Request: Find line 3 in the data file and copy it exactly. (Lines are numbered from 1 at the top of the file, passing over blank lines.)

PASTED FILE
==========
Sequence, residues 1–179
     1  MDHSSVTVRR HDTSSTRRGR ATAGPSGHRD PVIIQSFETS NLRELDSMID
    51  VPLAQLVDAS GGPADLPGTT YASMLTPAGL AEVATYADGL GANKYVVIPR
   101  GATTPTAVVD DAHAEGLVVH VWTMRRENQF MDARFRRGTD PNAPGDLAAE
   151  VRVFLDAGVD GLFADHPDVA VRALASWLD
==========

    51  VPLAQLVDAS GGPADLPGTT YASMLTPAGL AEVATYADGL GANKYVVIPR